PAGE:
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Clin Infect Dis. 1992 Feb;14(2):568-79.

Epidemiology of poliomyelitis in the United States one decade after the last reported case of indigenous wild virus-associated disease.

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Division of Immunization, National Center for Prevention Services, Centers for Disease Control, Atlanta, Georgia 30333.


Poliomyelitis caused by wild poliovirus has been virtually nonexistent in the United States since 1980, and vaccine-associated paralytic poliomyelitis (VAPP) has emerged as the predominant form of the disease. We reviewed national surveillance data on poliomyelitis for 1960-1989 to assess the changing risks of wild-virus, vaccine-associated, and imported paralytic disease; we also sought to characterize the epidemiology of poliomyelitis for the period 1980-1989. The risk of VAPP has remained exceedingly low but stable since the mid-1960s, with approximately 1 case occurring per 2.5 million doses of oral poliovirus vaccine (OPV) distributed during 1980-1989. Since 1980 no indigenous cases of wild-virus disease, 80 cases of VAPP, and five cases of imported disease have been reported in the United States. Three distinct groups are at risk of vaccine-associated disease: recipients of OPV (usually infants receiving their first dose), persons in contact with OPV recipients (mostly unvaccinated or inadequately vaccinated adults), and immunologically abnormal individuals. Overall, 93% of cases in OPV recipients and 76% of vaccine-associated cases have been related to administration of the first or second dose of OPV. Our findings suggest that adoption of a sequential vaccination schedule (inactivated poliovirus vaccine followed by OPV) would be effective in decreasing the risk of VAPP while retaining the proven public health benefits of OPV.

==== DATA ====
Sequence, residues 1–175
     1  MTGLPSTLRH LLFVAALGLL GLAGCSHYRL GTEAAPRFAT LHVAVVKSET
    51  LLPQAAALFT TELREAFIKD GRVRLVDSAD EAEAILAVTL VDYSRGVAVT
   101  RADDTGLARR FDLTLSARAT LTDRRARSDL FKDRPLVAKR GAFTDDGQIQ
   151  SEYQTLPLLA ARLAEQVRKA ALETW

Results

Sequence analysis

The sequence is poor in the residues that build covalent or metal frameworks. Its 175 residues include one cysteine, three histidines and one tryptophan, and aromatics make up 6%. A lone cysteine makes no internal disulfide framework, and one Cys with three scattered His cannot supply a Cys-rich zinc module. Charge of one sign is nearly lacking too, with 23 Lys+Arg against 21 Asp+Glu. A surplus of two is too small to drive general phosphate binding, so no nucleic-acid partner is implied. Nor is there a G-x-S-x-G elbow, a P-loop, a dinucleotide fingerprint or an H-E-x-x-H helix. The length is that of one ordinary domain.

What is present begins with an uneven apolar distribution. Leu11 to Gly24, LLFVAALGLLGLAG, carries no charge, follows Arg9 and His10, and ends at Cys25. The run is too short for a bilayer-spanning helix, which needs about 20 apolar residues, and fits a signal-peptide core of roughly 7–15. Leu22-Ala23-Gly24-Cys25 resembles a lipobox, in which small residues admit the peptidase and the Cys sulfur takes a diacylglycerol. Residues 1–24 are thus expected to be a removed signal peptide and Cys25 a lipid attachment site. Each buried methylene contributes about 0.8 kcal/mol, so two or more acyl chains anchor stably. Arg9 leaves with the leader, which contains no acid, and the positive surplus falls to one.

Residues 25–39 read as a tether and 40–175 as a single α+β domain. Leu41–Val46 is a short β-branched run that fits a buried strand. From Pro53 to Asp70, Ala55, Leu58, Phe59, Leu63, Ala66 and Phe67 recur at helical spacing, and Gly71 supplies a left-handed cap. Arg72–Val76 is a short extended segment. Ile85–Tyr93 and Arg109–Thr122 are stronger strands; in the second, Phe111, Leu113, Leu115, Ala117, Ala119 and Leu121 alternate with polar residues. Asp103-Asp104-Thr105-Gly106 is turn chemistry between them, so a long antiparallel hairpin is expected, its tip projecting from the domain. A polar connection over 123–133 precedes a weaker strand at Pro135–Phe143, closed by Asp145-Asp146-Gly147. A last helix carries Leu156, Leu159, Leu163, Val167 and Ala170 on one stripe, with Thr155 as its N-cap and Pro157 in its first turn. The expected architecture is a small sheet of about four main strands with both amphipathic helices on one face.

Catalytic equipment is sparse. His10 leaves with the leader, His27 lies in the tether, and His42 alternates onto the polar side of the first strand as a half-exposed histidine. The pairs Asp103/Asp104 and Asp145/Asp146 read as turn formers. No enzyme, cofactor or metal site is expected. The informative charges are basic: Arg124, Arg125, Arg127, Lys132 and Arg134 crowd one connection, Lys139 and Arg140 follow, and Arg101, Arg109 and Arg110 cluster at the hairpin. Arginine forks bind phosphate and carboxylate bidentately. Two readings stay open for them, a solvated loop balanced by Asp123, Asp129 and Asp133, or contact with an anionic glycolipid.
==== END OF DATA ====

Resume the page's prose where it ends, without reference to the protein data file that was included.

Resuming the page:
[Indexed for MEDLINE]

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